Fundraising Fears No More
Organizers of Interfaith Ministries (IFM) in Wichita, Kansas learned an important lesson in fundraising. People do not give until you ask. In the past, the leadership at IFM operated on the belief that being strapped for funds was simply part of non-profit life. Each time they came face to face with another financial crisis they made an appeal for funds. For years, their reactionary method of fundraising worked and the problems periodically were solved.
In recent years, however, Interfaith Ministries’ Executive Director, Sam Muyskens, says he and his fellow organizers determined that “crisis” fundraising just was no longer feasible. They knew they had to become proactive.
Interfaith Ministries is an organization with a mission to “build inter-religious understanding, promote justice, relieve misery and reconcile the estranged… offer hope, healing and understanding.” Participating within the structure of IFM are Jewish, Protestant, Roman Catholic, Muslim, Buddhist, Baha’i and Unitarian Universalists communities. IFM strives to meet basic human needs such as food, shelter, medical care and education. They provide homeless services to accommodate individuals who do not fit into the service categories of other agencies; continuous case management for all residents; a resident assistant program with a continuum of care for those individuals who demonstrate a desire to work; and a follow-up program for up to two years after they leave the shelter.
While IFM was a highly visible and integral part of the Wichita community, they were surviving literally on a wing and a prayer. The organization found themselves faced with a deficit of more than $100,000. After hiring a development director, things gradually began to turn around, but they could not count on government dollars-HUD monies were no longer available. Traditional congregations and other ecumenical/interfaith organizations also were having financial difficulties.
As funds became more scarce, Interfaith became more determined to succeed. What began as a campaign goal of $1 million, eventually became a multi-stage fund drive which now has produced more than $3 million as well as the acquisition of three buildings.
How to Ask is as Important as Why
The key ingredients, says Muyskens, were a strong belief in the organization, pride in the programs they offered and compassion for the people they served. He says they eventually determined that how they asked for funds was as important as why they asked.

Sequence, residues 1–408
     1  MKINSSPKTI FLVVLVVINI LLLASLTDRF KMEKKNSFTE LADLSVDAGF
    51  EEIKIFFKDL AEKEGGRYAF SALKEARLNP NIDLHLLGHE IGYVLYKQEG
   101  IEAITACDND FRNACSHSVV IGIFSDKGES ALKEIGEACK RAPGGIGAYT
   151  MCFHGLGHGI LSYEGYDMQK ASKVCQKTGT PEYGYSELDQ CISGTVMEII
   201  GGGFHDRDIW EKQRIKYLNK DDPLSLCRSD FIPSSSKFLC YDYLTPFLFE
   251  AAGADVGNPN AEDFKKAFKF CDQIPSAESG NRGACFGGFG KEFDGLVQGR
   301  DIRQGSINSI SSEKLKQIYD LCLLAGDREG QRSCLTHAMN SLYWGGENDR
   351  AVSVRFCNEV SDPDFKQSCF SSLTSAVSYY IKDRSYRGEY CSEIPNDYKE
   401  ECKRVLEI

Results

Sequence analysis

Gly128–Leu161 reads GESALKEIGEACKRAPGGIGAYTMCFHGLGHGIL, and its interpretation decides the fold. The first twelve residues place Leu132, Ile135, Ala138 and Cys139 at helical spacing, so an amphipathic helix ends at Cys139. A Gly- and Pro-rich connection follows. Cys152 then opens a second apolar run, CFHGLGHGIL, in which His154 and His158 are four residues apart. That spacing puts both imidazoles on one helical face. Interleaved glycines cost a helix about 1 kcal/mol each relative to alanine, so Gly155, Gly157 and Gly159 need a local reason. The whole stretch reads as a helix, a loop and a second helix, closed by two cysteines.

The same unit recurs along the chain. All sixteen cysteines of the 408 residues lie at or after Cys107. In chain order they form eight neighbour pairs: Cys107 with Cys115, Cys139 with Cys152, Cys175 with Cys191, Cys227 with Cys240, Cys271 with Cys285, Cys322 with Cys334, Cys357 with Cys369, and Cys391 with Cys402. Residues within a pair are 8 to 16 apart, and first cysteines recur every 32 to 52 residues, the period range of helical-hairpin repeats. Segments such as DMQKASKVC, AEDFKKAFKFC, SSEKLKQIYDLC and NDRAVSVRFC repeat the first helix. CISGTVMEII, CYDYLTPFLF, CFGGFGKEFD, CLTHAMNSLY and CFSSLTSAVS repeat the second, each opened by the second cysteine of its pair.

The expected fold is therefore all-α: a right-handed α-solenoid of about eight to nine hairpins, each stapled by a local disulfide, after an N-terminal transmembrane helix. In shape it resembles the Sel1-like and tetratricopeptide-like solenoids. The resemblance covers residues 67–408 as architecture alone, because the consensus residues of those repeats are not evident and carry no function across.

“We knew we had to look at something different,” says Muyskens. “Three years ago our Board met and decided we would try something big. We interviewed political and religious leaders to find out how we were viewed in the community and found that people thought of us as a program of dignity, but one that was always in financial difficulty.”
Selection of a Strategy
“At that point,” continues Muyskens, “we had a board retreat and determined that we needed to think bigger. We put together a wish list which came down to four key elements: create a program and ministry center, build a homeless shelter, erase our debt, and provide an endowment.”
After presenting their plans to the assembly, IFM’s governing Board, the decision was made to retain the services of a fundraising consultant to help them realize their financial goals. “We interviewed several firms and decided to go with Hartsook and Associates,” says Muyskens. “We liked their approach. They recommended that we not begin actively seeking funds until we had completed a preliminary campaign assessment to help us determine exactly where we were headed.”
Setting a Goal
The actual fundraising got underway with a gift from a Board member who agreed to pay for the study. Results of that study suggested that IFM set a goal to raise $1 million and gear it toward underwriting the homeless shelter, the endowment, and erasing the debt.
“We decided to put the program center on the back burner, and look to a program security fund primarily underwritten by board members to erase the program debt,” says Muyskens.
Throughout the process, opportunities brought forth setbacks; and what initially seemed a setback often brought forth an opportunity. During their search for a 5,000 square foot building to call home, IFM leaders stumbled on a structure which offered 13,500 square feet. While it was perfect for their needs, they knew that realistically it would take at least a $350,000 contribution in order for them to acquire the property. Their realtor helped identify someone with an interest in possibly providing the needed funds.
“We applied for and received State of Kansas tax credits and were awarded a $350,000 contribution towards the campaign,” says Muyskens. “When that gift became a reality, our $1 million campaign goal grew to $1.6 million and included a program and ministry center.”
Prior to the $350,000 building gift, IFM received a $200,000 challenge gift from a long-time contributor. Local corporations and foundations stepped forward with needed gifts including Builders, Inc., which gave $90,000 for the shelter; $75,000 from Cessna Foundation for the shelter elevator; $50,000 from the W.T. Kemper Foundation, Commerce Bank, Trustee; $30,000 from Western Resources; and many others.